According to Cullman County District Attorney Wilson Blaylock, the teenager arrested in Cullman County will be charged with uttering terrorist threats and soliciting an act of terrorism.

During the press conference, officials called on parents to keep track of what their children are doing to prevent such crimes from happening.

“It can be one of the most dangerous things in the world today, it’s a cell phone,” Gentry said. “We really need to go above and beyond to ensure what our children are doing through social media to protect them. If you do this, it saves you from this situation.


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More law firms are dropping October comeback plans, choosing to watch and wait https://jinkun.info/more-law-firms-are-dropping-october-comeback-plans-choosing-to-watch-and-wait/ https://jinkun.info/more-law-firms-are-dropping-october-comeback-plans-choosing-to-watch-and-wait/#respond Tue, 21 Sep 2021 02:18:00 +0000 https://jinkun.info/more-law-firms-are-dropping-october-comeback-plans-choosing-to-watch-and-wait/ Ropes & Gray office in Washington, DC REUTERS / Andrew Kelly Ropes & Gray and Holland & Knight had planned to welcome most lawyers and staff again next month Consultants say businesses face a changing future The company and law firm names listed above are generated automatically based on the text of the article. We […]]]>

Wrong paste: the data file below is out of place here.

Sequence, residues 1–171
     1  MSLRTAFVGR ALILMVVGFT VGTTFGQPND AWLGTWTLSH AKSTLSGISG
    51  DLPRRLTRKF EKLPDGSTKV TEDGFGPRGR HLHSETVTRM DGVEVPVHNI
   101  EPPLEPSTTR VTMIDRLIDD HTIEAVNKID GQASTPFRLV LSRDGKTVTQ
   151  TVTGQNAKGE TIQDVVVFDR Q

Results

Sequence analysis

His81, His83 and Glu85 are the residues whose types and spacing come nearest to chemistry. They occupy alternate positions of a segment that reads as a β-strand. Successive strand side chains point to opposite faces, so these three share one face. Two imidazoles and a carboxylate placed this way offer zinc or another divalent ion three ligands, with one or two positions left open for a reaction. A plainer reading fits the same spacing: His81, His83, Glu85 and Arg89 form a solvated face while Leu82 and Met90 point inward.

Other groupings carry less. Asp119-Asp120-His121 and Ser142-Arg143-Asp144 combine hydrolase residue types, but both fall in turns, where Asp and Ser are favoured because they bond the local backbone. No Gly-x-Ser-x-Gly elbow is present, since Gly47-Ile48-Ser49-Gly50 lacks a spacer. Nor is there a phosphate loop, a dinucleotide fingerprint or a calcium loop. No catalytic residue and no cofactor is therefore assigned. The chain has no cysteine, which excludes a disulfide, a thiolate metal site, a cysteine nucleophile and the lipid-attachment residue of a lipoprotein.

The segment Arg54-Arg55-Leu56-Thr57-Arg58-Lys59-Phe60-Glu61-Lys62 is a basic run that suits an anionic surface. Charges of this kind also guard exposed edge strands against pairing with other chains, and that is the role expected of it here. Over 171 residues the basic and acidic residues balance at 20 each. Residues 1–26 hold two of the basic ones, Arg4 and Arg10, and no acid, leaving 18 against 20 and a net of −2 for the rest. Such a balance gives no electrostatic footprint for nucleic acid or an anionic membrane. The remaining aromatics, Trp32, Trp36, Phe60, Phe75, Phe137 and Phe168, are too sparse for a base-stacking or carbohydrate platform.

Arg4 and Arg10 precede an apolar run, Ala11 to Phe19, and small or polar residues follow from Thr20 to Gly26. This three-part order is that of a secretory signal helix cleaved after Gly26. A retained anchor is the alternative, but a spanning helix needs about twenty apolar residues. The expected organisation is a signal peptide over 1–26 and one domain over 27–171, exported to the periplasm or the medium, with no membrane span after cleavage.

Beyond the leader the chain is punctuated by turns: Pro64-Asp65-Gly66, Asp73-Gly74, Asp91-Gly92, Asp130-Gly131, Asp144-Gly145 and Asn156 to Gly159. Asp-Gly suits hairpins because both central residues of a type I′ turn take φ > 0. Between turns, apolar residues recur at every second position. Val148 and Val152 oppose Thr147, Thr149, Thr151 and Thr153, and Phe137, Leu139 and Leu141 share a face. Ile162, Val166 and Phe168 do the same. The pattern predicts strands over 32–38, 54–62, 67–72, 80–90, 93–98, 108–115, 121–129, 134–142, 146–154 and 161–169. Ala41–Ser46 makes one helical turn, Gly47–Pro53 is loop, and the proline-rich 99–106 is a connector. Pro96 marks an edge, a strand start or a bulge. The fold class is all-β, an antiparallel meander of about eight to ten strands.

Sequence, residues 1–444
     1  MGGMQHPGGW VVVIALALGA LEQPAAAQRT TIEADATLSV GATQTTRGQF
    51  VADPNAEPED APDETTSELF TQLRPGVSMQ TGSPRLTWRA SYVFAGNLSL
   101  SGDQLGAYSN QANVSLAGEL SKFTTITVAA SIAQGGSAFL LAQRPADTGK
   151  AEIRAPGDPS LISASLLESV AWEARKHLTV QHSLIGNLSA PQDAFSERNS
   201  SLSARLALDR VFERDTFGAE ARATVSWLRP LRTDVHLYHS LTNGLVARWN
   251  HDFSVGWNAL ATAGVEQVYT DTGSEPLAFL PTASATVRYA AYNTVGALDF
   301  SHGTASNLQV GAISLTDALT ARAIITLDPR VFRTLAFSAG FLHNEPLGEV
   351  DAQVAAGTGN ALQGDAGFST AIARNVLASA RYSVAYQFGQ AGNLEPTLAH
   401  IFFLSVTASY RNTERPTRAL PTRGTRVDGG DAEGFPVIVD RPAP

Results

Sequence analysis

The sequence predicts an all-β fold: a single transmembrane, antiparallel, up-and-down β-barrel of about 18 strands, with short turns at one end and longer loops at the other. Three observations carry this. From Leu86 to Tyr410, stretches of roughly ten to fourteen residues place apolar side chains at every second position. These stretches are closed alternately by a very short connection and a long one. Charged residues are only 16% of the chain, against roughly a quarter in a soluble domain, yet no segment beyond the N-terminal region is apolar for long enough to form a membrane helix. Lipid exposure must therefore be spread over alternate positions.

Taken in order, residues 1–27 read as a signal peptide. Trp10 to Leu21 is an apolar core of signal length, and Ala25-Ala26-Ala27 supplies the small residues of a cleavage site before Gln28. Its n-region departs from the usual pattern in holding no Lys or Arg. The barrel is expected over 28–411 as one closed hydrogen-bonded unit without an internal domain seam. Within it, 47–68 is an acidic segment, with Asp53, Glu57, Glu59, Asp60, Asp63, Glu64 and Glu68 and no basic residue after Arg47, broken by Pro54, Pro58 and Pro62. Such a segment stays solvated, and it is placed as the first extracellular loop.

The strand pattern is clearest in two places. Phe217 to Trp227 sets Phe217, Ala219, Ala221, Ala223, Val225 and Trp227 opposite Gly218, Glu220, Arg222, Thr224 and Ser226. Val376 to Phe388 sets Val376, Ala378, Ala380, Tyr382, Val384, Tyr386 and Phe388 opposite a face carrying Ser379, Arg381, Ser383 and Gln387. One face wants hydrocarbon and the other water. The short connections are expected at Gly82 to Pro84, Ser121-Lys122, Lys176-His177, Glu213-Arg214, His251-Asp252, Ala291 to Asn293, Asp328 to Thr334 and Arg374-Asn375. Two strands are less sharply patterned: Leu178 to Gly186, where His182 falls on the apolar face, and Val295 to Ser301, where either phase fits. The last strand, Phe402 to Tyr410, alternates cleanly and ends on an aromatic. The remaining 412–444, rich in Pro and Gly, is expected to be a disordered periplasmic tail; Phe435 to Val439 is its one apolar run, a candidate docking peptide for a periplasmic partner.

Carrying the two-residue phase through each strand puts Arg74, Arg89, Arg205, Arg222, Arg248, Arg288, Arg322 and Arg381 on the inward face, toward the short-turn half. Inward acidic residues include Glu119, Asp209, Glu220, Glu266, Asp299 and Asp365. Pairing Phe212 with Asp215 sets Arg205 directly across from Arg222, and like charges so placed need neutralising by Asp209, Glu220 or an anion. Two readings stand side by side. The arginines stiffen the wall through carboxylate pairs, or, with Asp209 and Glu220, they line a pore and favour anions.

Ropes & Gray office in Washington, DC REUTERS / Andrew Kelly

  • Ropes & Gray and Holland & Knight had planned to welcome most lawyers and staff again next month
  • Consultants say businesses face a changing future

The company and law firm names listed above are generated automatically based on the text of the article. We are improving this functionality as we continue to test and develop in beta. We appreciate comments, which you can provide using the comments tab on the right of the page.

(Reuters) – Law firms are returning to the drawing board on office reopening – and others are content with a big question mark, at least for now.

As September is almost over and the current wave of coronavirus cases in the United States is just starting to recede, some law firms that previously targeted October for mandatory office returns are canceling those plans without setting a new date. Ropes & Gray and Holland & Knight are among the latest scrappings that were slated for October 18 and 12, respectively.

A representative for Ropes & Gray confirmed on Friday that the company did not have a new date set for its next phase of reopening, which was to include “more regular use” of its offices. The Boston-based company continues to encourage in-person volunteer work with “free breakfast and lunch for those who enter,” the rep said.